The document states that students are unable to access ‘top level’ learning. This is not true as Technology is a Scholarship subject.
It claims that students need a comprehensive focus on both using and creating with computers and other technology. This is exactly what student do in Technology Education. Clearly they don’t include ‘woodwork’ in other technologies.
“Digital technology skills are essential for every learner … so the structure of NZ Curriculum needs to change”. I think they are saying that computing should be compulsory – placing IT in Science will not change that.
It claims that Digital Information, Digital Media, Programming, Computer Science, Electronics, and infrastructure are only taught in Digital Technologies. In fact these technologies are also taught in Hard materials, Food Technology, Textile Design and Graphics – which is now called Design and Visual communication, as well as in most if not all other subjects.
“It is also fair to say that all areas of the Technology learning Area other than Digital Technologies are focussed on vocational, non-academic outcomes” well, it is NOT fair to say this. You could also say that all Digital Technologies lead to vocational outcomes.
The three proposed strands in IT would be Digital Literacy, Digital Practice, and Digital Technologies. The existing Technology Covers all three of these strands plus the most important strand, missing from their proposal, that of the Nature of Technology. Without considering the sociological, environmental, sustainability factors in a design they will simply not be fit-for-purpose. This is a cornerstone of Technology Education, and an understanding that makes IT what it is today. Note to Novopay that missed this step in design development.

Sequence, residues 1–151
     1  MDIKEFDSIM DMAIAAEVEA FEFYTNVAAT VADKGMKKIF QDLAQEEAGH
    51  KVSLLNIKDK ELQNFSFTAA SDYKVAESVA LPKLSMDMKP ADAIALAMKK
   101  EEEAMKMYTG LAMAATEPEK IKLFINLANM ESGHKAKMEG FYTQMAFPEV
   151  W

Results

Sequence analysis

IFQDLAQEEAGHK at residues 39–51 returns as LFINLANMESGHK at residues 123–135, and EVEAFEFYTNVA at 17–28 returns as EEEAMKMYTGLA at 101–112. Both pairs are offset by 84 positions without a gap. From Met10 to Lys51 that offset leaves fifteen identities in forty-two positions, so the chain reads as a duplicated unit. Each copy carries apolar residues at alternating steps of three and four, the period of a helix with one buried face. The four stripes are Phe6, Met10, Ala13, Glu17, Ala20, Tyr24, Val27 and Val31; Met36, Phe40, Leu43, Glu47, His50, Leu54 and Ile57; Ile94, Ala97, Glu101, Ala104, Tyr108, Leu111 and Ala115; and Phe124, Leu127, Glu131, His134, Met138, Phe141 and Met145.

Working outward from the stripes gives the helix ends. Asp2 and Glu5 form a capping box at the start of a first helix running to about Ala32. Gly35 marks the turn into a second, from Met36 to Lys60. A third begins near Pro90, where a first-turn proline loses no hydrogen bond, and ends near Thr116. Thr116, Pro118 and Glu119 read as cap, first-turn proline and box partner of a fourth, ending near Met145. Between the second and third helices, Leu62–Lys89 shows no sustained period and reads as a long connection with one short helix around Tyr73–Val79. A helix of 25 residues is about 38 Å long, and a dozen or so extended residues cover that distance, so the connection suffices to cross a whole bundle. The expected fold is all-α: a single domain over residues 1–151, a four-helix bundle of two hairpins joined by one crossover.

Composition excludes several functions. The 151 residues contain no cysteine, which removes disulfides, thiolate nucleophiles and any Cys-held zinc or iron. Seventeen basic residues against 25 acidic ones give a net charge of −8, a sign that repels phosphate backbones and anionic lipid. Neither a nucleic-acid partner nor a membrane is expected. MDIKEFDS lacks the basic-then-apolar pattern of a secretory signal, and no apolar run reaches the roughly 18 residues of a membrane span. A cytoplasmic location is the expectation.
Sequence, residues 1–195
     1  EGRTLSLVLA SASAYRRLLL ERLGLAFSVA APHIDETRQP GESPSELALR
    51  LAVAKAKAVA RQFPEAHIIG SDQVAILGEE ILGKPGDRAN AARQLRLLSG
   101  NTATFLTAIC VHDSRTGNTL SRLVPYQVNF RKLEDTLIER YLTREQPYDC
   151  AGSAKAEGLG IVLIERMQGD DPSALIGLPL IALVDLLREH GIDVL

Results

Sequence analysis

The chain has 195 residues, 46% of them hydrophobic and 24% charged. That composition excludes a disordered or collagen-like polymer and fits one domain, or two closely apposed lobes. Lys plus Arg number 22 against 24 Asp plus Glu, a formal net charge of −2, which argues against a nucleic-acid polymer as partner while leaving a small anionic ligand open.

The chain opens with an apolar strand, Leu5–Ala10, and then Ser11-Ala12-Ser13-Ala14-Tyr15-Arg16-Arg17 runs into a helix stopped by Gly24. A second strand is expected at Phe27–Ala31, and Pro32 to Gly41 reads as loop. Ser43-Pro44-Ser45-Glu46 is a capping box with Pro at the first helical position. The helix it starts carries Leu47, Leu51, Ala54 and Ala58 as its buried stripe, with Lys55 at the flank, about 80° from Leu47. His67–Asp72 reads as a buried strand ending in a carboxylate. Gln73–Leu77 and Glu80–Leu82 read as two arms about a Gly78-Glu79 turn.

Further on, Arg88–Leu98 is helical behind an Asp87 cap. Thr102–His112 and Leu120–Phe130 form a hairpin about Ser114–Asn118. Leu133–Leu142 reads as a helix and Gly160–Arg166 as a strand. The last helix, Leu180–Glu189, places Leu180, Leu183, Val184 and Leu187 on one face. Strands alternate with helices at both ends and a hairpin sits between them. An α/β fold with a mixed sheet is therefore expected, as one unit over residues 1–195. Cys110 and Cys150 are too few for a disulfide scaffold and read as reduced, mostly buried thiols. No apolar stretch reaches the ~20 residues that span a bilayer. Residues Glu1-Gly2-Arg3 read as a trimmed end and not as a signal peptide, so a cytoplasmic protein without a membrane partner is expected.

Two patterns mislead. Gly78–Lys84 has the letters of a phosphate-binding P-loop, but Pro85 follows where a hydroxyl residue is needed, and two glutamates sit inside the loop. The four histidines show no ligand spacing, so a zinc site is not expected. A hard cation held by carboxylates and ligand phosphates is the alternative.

“A Nation of Curious Minds commits to making changes to both initial teacher training, and professional learning in science and technology” – So they want IT out of Technology and they want to change Technology as well?
I do agree with the sentiment that better resourcing, more support and a review of professional learning is required
Thirdly, the ‘A Nation of Curious Minds’ document itself. This seems a rather bland aspirational document that does not point to any of the underlying agenda as previously purported. However, it does seem to me that they do not understand the difference between Science and Technology as it is used interchangeably throughout the document.
This half-baked idea by a special interest group smacks of a Government hell-bent on commercialising every opportunity and seeing education purely as a mechanism for generating future revenue.
Certainly the teaching of IT in schools is not perfect, far from it, but this is an education problem needing to be solved by expert teachers. The other alternative is to get all stake holders around a table and talk through the issues, not just foist it upon them. It must also be remember that if we do want change then it will have to be brought about by the existing teachers – It would be better to support them than alienate them.
I encourage your conversation @beechEdesignz